The two officials presented their plans and then had a dialogue _with farmers at the Holiday Inn in Cortland.
As a member of the state Senate’s Committee on Agriculture, Seward gave examples of what that committee is working on to help farmers at a time when the economics of agriculture are in a downward spiral. These possible initiatives were developed following meetings with farmers across the state, Seward said.
In the short term, following the low milk prices and high farming costs through 2006 and into 2007, the Agriculture Committee hopes to include in the state budget a $60 million Dairy Investment Act that would be paid directly to the state’s farmers.
“That will help farmers catch up on their growing bills, and also get them ready for the spring planting season,” Seward said after his presentation, adding that this money would help supplement MILC checks given to farmers to make up at least some of the difference between the costs of producing the milk and the prices that are paid.
Another $750,000 would go toward creating a New York Center for Dairy Excellence within the existing NY Farm Viability Institute, to strive to improve the productivity and profitability of dairy farmers.
In the long term, Seward hopes to work with representatives at the federal level to create a pricing methodology that would be specific to the Northeast, rather than relying on complex formulas that make no distinction between farmers in vastly different states.
“We need to ensure that New York state dairy farmers receive a price for milk that truly reflects economic conditions in the Northeast,” Seward said during his speech.
Hooker, nominated by Gov. Eliot Spitzer on Jan. 11 and still awaiting confirmation (which Seward said he would be pressing for in the Senate), said that no one can deny that agriculture in upstate New York “is going through one of it’s toughest times in history.”
Hooker cited $40 million worth of damages due to flooding in June 2006, in which 30,000 acres of crops where destroyed by flooding, forcing farmers to buy food for livestock that they would have otherwise produced themselves. Meanwhile, milk prices are the lowest they’ve been in five years, but the price of corn is 30 percent higher than in 2005 due to the increasing demand for ethanol; this is good for corn farmers, Hooker said, but bad for the dairy farmers who need to feed their livestock.
He then outlined some of Spitzer’s proposed initiatives, which include a middle class property tax cut, expanding aid to upstate cities and towns, and creating an upstate chairperson for the Empire State Business Development Corp.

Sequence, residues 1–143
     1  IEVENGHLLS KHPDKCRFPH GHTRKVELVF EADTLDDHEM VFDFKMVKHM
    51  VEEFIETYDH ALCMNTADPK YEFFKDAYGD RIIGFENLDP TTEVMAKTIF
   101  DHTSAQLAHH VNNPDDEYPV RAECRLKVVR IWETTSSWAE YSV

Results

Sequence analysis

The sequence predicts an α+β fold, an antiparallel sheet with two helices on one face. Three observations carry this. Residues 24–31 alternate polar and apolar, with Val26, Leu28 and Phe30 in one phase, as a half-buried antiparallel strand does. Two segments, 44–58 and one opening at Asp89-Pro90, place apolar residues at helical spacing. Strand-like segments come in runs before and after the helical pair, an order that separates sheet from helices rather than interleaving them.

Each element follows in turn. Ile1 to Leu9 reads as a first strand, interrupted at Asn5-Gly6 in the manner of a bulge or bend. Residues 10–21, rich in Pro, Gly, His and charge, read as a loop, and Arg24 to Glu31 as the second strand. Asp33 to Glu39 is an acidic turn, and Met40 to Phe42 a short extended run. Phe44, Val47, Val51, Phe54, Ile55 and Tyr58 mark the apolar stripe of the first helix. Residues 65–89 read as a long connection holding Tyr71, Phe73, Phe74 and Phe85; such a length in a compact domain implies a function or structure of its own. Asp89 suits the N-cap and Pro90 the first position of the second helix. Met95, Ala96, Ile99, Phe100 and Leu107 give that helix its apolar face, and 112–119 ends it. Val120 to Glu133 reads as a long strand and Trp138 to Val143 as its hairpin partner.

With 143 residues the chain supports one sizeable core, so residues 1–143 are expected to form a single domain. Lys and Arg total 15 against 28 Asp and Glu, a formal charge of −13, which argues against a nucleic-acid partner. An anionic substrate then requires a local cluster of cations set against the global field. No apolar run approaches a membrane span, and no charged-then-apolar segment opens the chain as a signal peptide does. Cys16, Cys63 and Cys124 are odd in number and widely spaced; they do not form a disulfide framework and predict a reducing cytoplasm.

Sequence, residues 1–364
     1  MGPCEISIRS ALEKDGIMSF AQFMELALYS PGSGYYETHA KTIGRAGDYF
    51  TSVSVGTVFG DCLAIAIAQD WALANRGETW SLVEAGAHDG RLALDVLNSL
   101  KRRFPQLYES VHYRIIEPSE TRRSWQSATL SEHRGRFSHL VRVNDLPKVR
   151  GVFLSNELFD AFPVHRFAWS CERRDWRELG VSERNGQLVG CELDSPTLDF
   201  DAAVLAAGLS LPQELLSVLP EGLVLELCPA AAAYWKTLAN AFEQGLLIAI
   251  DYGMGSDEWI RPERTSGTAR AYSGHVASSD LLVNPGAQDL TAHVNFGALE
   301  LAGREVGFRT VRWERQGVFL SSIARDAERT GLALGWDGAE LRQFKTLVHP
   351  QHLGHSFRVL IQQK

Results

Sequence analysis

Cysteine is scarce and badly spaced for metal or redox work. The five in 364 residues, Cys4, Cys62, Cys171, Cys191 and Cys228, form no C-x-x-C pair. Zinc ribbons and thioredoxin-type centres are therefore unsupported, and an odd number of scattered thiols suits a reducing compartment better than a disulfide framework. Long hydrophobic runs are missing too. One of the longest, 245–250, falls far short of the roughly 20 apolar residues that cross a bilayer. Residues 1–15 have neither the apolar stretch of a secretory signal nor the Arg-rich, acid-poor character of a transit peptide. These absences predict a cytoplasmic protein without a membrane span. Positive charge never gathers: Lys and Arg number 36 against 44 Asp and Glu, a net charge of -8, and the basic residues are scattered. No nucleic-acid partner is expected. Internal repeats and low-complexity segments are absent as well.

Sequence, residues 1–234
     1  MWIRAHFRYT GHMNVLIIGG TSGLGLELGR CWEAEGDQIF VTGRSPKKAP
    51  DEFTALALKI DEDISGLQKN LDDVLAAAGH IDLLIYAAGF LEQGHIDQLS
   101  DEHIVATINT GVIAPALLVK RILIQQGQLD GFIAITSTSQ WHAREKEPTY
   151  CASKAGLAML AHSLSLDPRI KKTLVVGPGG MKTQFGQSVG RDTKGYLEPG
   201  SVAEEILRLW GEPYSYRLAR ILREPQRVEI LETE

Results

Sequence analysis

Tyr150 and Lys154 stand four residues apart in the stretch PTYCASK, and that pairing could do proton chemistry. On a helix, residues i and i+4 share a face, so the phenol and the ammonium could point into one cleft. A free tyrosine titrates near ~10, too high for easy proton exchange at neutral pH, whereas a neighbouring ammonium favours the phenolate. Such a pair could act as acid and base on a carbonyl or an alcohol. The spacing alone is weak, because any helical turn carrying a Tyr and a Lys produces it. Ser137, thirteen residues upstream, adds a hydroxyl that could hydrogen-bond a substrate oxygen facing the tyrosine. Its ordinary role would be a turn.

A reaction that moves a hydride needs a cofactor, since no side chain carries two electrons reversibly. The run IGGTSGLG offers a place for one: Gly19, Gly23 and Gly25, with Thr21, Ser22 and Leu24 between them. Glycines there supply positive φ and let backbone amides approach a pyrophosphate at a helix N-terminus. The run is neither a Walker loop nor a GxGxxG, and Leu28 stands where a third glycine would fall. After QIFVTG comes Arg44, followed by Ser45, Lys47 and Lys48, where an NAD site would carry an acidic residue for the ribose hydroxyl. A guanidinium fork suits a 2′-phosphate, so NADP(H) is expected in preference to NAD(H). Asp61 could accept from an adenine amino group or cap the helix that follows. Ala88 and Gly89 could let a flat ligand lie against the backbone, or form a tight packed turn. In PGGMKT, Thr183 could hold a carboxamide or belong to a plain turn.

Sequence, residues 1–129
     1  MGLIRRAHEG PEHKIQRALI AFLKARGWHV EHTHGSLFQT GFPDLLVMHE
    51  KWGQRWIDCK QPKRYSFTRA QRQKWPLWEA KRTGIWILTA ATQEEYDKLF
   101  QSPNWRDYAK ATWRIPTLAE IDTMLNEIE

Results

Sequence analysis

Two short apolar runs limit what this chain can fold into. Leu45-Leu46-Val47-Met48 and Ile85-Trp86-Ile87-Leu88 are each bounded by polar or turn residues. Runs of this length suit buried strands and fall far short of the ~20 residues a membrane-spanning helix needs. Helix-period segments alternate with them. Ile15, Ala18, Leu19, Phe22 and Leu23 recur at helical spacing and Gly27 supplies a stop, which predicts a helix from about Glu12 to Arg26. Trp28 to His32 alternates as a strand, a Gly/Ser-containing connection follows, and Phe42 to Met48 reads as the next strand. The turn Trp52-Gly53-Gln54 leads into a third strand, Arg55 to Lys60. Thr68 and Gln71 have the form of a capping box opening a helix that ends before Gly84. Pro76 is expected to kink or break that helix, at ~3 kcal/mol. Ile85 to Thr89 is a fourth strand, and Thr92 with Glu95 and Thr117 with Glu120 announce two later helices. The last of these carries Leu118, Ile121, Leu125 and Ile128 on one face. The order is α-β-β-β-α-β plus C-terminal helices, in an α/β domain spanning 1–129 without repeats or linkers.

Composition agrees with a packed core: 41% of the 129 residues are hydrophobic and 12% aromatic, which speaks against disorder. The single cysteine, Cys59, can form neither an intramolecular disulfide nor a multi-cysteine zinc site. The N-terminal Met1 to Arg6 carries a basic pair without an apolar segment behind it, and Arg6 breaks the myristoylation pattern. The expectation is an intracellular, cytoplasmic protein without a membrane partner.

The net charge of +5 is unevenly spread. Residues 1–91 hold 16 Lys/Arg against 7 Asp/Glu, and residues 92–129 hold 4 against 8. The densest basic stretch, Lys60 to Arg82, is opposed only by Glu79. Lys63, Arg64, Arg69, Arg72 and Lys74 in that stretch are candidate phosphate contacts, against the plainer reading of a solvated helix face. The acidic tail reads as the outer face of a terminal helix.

Especially relevant within the context of Thursday’s summit is the need to innovate in the fields of renewable energy, such as ethanol and other bio-fuels that can be produced by farmers.
The goal is to “tackle the underlying structural problems that have really stifled growth upstate,” Hooker said.
After Seward and Hooker addressed the gathering as a whole, participants broke into two smaller groups. One met with Seward and Hooker to discuss issues facing agricultural businesses, while the other met separately to discuss practical farming techniques and technology.
During the separate conversation with Seward and Hooker, Troy Bishop, a farmer in Oneida County, asked if Seward and Hooker could offer any strategies for drawing young people to farming. Despite all of the emphasis on expanding bio-fuel production, Bishop wondered how those activities could be built up if younger generations were not sticking with farming.
Hooker responded by first stating that there are no definite strategies as of yet, but the first step is pointing out the positives of the profession. Forming partnerships is also crucial, he said.
“There is a lot of equity in the business, but is it in the right places?” Hooker asked, adding that more experienced farmers who might have significant amounts of equity need to be hooked up with the younger farmers who would like to enter the field.
Dairy farmer Pauline Drexel, of Fabio’s, said that it’s difficult to attract young people to the profession when they watch their parents work hard and only see very slight returns.
“What they need to see is a viable industry that sustains itself without some … government bailout every year,” Drexel said. “They see their parents working themselves to death for what, 1 percent (returns) a year?”
Seward agreed with her point, but emphasized the need to first get farmers out of the ditch they’re in, perhaps using his short-term “bail out,” and then work toward the longer term solutions that could provide stability in the industry.
Drexel’s husband, Ed Drexel, had pointed out the need for dairy farmers to work harder at promoting their own product.
Harold White, of Marathon, pointed out the replacement of milk dispensing machines at the New York State Fair by soda machines, which Hooker responded to by emphasizing Spitzer’s goal of returning the Fair to it’s agricultural roots.